Once upon a time, a lovely dark haired anaesthetist, of the German kind, asked a lady writer to embark on a top secret mission. A mission to combine words and joy and love.
A secret literary quest, the findings of which were only to be revealed on the day of his wedding to his true love.
Words about love… she mused, chewing the end of her biro.
She doodled love hearts on her note pad.
A piece of prose, perhaps. A witty, sincere serving of words with just the right amount of love stuff to wet her listeners’ eyes.
She drew flowers around the hearts on her note pad.
How about a love poem?
To rhyme, or not to rhyme…
“It was awfully hot in Havana,
when first he laid eyes on Joanna.
As she entered the bar,
he watched from afar,
feigning a nonchalant manner.”
The more she thought, the more she wrote.
The more she wrote, the more she scribbled out.
Why was it so tricky to write about love? People had been falling into it ever since people were invented.
She re-read her book shelves, devouring all love associated literature.
Immersed herself in the sonnets of Shakespeare.
Trawled through Byron and Keats and Shelley, distracted by Oscar Wilde along the way.
Her pursuit of suitable phrases and descriptive narrative became ever more elusive.
She collected page upon page of words, sifted through great heaps of alphabets in order to discover the most delectable letter combinations.
Time and again she wriggled free from the clutches of the deadly cliché trap that threatened her writery integrity. Wondered that she hadn’t become hyperglycaemic with the sickly sweet words of love that persisted in pouring, embarrassingly, from her pen.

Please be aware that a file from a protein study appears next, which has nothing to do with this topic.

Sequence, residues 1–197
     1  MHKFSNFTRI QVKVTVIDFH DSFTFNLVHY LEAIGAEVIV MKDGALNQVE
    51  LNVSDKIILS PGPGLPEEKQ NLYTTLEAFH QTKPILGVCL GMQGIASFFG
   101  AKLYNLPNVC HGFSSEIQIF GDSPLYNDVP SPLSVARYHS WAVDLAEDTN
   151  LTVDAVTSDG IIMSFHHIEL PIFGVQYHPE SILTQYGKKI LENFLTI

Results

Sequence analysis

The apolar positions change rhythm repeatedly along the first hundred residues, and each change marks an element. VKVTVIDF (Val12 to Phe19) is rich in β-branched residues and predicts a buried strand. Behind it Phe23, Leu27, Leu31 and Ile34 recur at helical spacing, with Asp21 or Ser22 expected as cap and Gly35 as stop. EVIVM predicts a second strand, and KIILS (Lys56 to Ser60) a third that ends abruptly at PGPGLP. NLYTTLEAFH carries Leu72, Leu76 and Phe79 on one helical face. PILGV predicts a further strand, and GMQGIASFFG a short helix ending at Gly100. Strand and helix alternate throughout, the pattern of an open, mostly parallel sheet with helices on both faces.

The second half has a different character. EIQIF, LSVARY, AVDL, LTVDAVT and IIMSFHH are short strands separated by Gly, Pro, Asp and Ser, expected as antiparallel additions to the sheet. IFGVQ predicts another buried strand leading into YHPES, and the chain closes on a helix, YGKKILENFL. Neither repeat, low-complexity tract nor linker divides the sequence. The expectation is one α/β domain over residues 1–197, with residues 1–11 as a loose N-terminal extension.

She was no Indiana Jones; what had she been thinking, taking on such a quest?!
Fearing that she may have to admit defeat, the lady writer gathered up the scatterings of crumpled pages and half finished sentences that attested to her wedding word attempts.
An untidy paragraph caught her eye.
Hope flickering, she rummaged in the recycling for a remembered reject.
Heart lifting, she leafed back through her note book.
Perhaps a verse or two…not necessarily a tale of the bride and groom, but still a tale, about love.
Armed with sellotape and scissors she began to stick and snip, a poem shaping itself before her eyes:
He wined her and he dined her,
seduced her with good taste.
She opened his ears to opera,
he decorated hers with diamonds.
He bought her gifts from chic boutiques
and smells with expensive names;
greedily drank in her pleasure,
drunk on the beauty of her smile.
She savoured the wines and the edible art,
cherished his extravagant courtship.
He opened her eyes to opulence,
she covered his with kisses.
She made him cheese on toast
and wrote him a poem about
priceless happiness and
true love being free.